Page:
Last week I followed along with Michael Kölling’s introduction to Java (I’ve not had chance to catch up with this week’s yet) and I also worked through the first four exercises published by the Code Academy (see Bragging Rights on post image). Neither were too challenging to me as I already teach this stuff, but it’s still surprisingly satisfying to earn badges and points!

Of course The Guardian and Google’s and now the UK Government’s definition of Digital Literacy doesn’t match JISC’s, and therefore my University’s, so there’s a whole debate waiting to be had there!

366 Things and a Bad Joke

I’ve just started another 366 photos project and I’ve also got a “366 days of origami” calendar. In addition, Alan Levine and Jim Groom are about to launch a “Daily Create” project. I think it’s in testing (there’s a hint about it in Thinking in Photos on the CogDogBlog). In anticipation, here’s a video I made of one of my dad’s oldest and worse jokes:

If I manage to keep all these extra curricula balls in the air it should be a busy year!

Update

  • I now have a Tumblr blog to showcase these 366 things at 366 Crispy Things.
  • The Daily Create assignments are part of the about-to-be launched Digital Story Telling open course DS106.

2012: Year of Code?

Code

Last October Aleks Krotoski, presenter of of The Guardian’s Tech Weekly podcast, chaired a series of special “Tech City” talks. The first of these was on Skills and Education (Audio recording here) and the panelists, which included David Willets, all criticised to current Schools ICT Curriculum by stating that it didn’t actually include any coding. This issue has been raised recently by many commentators but was highlighted by Google Chairman Eric Schmidt’s criticism of British Education at the MediaGuardian Edinburgh International Television Festival, and the fact that it was the “Google View” perhaps gave it more prominence than it would otherwise have had.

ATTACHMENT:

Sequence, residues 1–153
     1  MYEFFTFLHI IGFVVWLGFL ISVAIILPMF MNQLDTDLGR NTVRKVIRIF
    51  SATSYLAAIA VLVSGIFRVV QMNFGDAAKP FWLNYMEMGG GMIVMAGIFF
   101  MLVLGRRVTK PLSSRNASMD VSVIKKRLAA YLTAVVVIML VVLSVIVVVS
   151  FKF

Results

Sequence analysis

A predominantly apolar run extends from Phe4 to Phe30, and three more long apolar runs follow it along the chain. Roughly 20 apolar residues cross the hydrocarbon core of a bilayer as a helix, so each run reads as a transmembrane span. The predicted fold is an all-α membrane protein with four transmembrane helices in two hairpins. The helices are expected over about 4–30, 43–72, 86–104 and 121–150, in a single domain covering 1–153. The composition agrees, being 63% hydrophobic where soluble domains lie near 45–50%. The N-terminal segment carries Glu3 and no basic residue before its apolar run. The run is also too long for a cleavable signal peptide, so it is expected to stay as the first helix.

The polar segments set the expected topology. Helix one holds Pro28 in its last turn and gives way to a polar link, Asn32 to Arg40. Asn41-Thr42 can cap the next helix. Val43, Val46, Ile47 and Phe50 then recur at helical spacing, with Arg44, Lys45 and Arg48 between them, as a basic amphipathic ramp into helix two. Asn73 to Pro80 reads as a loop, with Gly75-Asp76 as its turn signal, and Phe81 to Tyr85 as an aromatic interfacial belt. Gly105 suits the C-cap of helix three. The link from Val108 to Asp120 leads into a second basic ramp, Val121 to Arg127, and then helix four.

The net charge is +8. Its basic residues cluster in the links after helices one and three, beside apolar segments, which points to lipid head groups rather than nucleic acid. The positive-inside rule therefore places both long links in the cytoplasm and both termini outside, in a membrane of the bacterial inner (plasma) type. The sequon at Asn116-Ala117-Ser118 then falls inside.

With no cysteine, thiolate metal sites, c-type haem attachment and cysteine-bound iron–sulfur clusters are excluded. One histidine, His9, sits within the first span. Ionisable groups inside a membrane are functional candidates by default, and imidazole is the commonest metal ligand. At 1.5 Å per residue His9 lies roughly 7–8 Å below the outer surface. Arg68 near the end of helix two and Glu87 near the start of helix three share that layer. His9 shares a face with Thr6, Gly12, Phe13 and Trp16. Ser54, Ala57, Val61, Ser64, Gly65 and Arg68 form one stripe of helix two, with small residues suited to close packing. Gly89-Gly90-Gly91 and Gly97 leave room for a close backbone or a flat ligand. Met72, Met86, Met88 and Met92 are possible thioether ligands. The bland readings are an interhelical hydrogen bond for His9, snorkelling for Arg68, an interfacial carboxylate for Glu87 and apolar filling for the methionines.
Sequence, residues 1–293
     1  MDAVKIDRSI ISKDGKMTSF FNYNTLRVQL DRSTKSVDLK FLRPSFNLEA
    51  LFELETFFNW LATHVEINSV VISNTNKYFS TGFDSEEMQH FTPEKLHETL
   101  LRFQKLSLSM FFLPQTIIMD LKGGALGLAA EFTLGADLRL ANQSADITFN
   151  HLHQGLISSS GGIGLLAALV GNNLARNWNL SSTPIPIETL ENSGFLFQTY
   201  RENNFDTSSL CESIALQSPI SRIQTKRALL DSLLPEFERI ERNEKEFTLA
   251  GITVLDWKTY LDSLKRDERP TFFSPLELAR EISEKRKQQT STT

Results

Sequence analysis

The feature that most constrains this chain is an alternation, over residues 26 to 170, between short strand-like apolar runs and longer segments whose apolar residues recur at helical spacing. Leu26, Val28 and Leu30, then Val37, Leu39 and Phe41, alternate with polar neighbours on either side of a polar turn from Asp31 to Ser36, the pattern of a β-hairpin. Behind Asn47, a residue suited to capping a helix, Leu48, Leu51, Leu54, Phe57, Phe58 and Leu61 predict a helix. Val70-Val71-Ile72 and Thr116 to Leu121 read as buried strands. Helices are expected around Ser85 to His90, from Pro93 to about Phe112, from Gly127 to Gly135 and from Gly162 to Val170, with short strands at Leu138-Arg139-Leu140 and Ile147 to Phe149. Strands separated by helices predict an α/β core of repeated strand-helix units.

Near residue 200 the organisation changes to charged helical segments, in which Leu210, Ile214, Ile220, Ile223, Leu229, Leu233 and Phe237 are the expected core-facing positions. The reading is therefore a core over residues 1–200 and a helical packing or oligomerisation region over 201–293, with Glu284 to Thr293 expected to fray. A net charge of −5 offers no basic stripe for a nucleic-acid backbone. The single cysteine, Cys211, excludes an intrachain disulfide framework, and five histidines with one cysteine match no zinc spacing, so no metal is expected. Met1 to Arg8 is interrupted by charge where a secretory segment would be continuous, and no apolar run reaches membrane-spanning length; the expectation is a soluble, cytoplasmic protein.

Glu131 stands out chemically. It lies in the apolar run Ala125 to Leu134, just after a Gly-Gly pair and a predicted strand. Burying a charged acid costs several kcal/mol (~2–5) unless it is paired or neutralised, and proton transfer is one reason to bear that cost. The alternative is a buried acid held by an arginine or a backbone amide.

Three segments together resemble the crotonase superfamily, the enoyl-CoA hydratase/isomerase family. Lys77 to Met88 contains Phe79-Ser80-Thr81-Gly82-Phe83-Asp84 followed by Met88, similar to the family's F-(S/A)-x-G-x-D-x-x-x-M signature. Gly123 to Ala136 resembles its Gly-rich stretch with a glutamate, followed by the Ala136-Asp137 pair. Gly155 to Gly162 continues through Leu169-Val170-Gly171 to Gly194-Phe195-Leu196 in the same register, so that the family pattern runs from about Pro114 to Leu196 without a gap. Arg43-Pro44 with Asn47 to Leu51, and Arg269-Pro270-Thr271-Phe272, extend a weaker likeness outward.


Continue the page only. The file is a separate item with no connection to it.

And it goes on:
Well, perhaps by coincidence, there are now two free online initiatives that are trying to change this. The first that I came across was the Joy of Code — an online tutorial from Michael Kölling of the University of Kent at Canterbury that is using Greenfoot and Java and is aimed at people who:

Want to find out how to write a computer game; [are] Interested in learning programming; Curious about object-oriented programming and Java; Heard about Greenfoot, but don’t really know what it is [or are] Teaching programming to others.

The course was announced on January 1st and there have already been 7 episodes!

The second is a sort of online correspondance course from US-based Code Academy called Code Year. You just need to go to the site and leave your email address. The course will start on 9th January. I suspect it will use JavaScript but I could be wrong.

As a teacher of coding and developer of code throughout my career, I shall be watching both with interest and playing along. And if you want to learn to code, why not join me?